Sri Lanka became independent on 4 February 1948 and it is a Democratic Socialist Republic. At present, the ruling party is SLFP (Sri Lanka Freedom Party) with Mahinda Rajapakse as President. During his mandate, he managed to put an end to more than 30 years of conflict with LTTE (Liberation Tigers of Tamil Eelam), guerrilla that claimed the independence of the north and east.
Sri Lanka is generally very peaceful and safe. However keep your valuables and bags very close while visiting tourist attractions or beaches, because most crimes are committed in these places. Tourists are rarely victims to crime, but one must be cautious and try to avoid travelling at night.
- Banks: 09:00 to 13:00, Monday to Friday (some stay open until 15:00 and Saturday morning).
- Post offices and government offices in general: from 09:00 to 16:00, Monday to Friday and some post offices on Saturday morning.
- Shops: flexible and usally long opening hours.
AC 230V, 50Hz, round three-pin plugs are standard
Thanks to the Indian Ocean the island enjoys a climate virtually unchanged all year round. In the lower regions, temperatures range between 23ºC/73.4ºF and 30ºC/86ºF and in the hills between 11ºC/51.8ºF and 23ºC/73.4ºF. The western area is warm and humid, the highlands are also wet but cooler. The rest of the country is hot and dry. There are two seasonal monsoons (May to August in the southwest and from October to January the northeast).
No specific vaccinations are needed to enter Sri Lanka. It is however recommended that all travellers get vaccinated against hepatitis, tuberculosis and Japanese B encephalitis as well as tetanus and rabies. We advise you to request health information at the health centre for travellers nearest to your place of residence.
The greatest health risk in Sri Lanka comes from contaminated food and water. Most restaurants in urban areas and hotels comply with international hygiene standards. Avoid unwashed raw vegetables or unpeeled fruit. Consider tap water as non drinking water across the island. Limit yourself to previosly boiled or bottled water you can get everywhere.
The sun can be a potential hazard to health in Sri Lanka, so it is advisable to use sunscreen lotions and hats or umbrellas.
All travellers should take a travel health insurance. Should you overlook this recommendation and decide to travel without insurance to cover possible expenses in case of illness, hospitalization and/or medical evacuation/repatriation, Mayaliya is not liable for the consequences of such omission or bear any expense derived from it.
The official languages of Sri Lanka are Sinhala and Tamil, though English is considered the third language of the country. However, the latter is not as widely spoken as one might think.
Sri Lanka’s currency is the Sri Lankan rupee (LKR). There are 100 cents in a rupee. Except in large hotels, where USD and Euro (€), you will always have to pay in rupees.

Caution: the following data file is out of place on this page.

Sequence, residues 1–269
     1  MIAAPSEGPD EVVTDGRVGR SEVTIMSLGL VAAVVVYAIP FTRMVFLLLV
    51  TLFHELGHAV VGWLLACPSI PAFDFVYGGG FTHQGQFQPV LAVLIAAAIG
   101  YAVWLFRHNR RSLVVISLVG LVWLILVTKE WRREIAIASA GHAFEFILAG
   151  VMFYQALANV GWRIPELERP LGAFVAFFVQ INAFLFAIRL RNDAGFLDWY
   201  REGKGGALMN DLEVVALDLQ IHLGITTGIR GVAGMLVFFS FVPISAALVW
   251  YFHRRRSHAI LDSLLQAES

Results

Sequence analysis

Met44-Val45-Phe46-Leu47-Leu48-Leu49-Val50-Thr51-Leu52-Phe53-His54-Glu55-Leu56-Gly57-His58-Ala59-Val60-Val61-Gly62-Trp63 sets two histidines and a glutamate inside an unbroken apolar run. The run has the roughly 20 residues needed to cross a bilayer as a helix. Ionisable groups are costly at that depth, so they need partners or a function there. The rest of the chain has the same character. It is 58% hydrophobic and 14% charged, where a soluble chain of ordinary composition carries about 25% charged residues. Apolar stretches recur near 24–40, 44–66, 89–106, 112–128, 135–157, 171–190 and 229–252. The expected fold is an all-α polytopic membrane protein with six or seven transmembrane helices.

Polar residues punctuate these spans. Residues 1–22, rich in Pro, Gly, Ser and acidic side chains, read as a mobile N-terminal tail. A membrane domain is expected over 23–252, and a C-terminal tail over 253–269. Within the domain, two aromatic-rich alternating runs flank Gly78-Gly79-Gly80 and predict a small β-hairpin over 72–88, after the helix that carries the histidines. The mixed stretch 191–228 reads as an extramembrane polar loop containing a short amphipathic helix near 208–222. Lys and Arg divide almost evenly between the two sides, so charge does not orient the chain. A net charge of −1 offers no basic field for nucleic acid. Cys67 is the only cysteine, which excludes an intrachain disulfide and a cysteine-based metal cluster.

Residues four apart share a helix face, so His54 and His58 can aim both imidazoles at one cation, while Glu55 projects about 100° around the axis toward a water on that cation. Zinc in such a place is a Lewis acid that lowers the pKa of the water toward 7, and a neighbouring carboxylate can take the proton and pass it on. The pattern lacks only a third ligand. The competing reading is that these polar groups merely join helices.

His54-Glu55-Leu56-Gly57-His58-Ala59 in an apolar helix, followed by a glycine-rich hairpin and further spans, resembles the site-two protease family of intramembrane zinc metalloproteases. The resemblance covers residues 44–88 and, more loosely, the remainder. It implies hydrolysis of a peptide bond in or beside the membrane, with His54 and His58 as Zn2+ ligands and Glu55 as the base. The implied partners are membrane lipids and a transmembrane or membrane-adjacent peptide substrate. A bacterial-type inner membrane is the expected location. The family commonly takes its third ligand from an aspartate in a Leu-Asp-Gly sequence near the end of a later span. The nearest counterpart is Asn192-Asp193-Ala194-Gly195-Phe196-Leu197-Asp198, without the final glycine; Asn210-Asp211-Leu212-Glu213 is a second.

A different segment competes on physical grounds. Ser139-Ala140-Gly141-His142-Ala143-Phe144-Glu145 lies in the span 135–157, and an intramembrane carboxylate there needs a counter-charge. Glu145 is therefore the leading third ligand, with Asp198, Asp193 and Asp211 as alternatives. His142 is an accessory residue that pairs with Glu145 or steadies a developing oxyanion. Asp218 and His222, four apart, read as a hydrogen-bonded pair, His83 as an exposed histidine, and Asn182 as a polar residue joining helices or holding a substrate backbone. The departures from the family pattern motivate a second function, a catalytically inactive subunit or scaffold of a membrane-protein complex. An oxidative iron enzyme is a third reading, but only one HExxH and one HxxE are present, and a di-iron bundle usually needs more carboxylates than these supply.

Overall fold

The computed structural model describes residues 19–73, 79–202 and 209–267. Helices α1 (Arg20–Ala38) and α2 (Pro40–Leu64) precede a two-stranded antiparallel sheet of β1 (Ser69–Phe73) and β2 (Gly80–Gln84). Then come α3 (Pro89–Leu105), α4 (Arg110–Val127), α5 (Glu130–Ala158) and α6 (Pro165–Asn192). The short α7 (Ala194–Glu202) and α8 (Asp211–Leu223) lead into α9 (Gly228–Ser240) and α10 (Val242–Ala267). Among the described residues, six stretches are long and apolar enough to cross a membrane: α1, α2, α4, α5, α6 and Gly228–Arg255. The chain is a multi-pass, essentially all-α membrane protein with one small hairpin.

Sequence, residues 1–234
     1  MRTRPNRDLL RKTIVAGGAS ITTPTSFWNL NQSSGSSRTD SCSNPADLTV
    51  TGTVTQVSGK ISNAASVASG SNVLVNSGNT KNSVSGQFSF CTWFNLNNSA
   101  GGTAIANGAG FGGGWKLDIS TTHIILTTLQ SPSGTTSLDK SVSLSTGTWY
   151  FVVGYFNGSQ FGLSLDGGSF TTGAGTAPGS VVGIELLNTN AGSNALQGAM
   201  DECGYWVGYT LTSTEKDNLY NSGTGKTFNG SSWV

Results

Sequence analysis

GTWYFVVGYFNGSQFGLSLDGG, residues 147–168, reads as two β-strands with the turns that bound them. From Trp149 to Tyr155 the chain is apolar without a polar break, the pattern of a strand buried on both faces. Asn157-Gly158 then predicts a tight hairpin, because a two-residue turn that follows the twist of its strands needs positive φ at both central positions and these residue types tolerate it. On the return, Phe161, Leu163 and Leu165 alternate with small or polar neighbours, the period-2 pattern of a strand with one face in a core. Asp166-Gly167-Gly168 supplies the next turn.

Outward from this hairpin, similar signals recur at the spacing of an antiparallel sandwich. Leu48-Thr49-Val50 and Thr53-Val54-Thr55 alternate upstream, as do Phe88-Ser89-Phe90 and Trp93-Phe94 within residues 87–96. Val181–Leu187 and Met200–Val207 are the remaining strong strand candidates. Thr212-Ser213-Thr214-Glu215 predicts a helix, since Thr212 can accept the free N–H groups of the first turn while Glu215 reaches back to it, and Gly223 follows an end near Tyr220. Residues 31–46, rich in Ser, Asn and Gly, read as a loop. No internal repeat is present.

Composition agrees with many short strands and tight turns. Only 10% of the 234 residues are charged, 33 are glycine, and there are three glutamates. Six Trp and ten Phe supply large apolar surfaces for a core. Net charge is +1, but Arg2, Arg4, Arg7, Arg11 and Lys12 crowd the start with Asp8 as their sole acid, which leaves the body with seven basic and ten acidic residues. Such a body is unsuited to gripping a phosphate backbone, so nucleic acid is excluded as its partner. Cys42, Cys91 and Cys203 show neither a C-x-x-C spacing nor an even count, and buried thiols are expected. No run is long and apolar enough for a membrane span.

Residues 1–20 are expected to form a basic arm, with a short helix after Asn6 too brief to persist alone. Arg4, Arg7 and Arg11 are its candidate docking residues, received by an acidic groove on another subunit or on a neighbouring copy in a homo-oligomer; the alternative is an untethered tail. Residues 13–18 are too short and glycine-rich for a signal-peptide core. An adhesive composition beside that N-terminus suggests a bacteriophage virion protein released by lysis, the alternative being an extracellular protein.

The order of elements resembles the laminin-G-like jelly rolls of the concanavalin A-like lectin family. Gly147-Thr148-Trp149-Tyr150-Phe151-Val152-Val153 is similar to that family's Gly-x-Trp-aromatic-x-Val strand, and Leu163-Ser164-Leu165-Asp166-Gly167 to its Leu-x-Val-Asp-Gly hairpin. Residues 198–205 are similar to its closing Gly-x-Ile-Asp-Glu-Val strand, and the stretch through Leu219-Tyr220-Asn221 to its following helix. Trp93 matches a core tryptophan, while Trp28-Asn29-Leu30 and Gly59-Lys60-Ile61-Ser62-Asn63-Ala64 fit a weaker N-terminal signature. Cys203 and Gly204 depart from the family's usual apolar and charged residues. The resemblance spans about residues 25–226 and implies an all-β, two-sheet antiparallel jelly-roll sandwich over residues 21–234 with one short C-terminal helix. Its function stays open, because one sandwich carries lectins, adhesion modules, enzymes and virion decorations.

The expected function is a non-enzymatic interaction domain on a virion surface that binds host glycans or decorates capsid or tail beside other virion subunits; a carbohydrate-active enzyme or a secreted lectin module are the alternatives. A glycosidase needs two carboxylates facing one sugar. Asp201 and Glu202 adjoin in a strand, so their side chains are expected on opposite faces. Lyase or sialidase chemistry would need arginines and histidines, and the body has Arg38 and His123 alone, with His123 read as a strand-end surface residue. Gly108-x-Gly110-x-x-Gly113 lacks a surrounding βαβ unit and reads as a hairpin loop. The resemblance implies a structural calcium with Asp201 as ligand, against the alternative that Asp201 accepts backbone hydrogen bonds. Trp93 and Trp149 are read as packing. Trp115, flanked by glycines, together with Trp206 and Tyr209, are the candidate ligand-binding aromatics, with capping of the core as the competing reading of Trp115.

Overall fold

The best places to exchange foreign currency into rupees are authorized currency exchange agencies such as banks and hotels. We recommend you to exchange your currency at the airport in any of the banks and agencies you will find after going through customs and exiting just before entering the arrival hall.
ATM machines are everywhere, they usually accept international debit/credit cards. Credit cards such as Visa, MasterCard and American Express are widely accepted throughout the country, albeit in small shops and cafes where you will have to use cash. Traveller’s checks are accepted at all banks.
Clothes & Manners
The dress code is casual in Sri Lanka, but when visiting temples you should cover your shoulders and legs and remove your hat/cap if you wear one as well as your shoes. One should never place one’s back to a statue of Buddha if you are close to it – pay special attention to this when taking photographs. Buddhist monks have special privileges, regardless of age – for example the right to always take a seat on public transport.
Visitors to Sri Lanka must apply for an electronic visa as of December 31, 2011. Please for further information click here.
Every visitor over 18 years of age can take into the country two bottles of wine, 1.5 litters of spirits, and a small amount of perfume for personal use. Visitors are no longer allowed to enter tobacco in the country without incurring the payment of customs fees. While a few packets of cigarettes are allowed for personal use, a carton will cost Rs6.000 in customs tax. Also keep in mind that only two members of the same family may be eligible for duty-free items.
On arrival at the airport after passing through passport control and before entering the baggage claim area, you will be able to make some purchases, including perfume and spirits, at a duty free shop (where you will be informed of the maximum quantities you are entitled to take)
The only way to enter Sri Lanka is by air.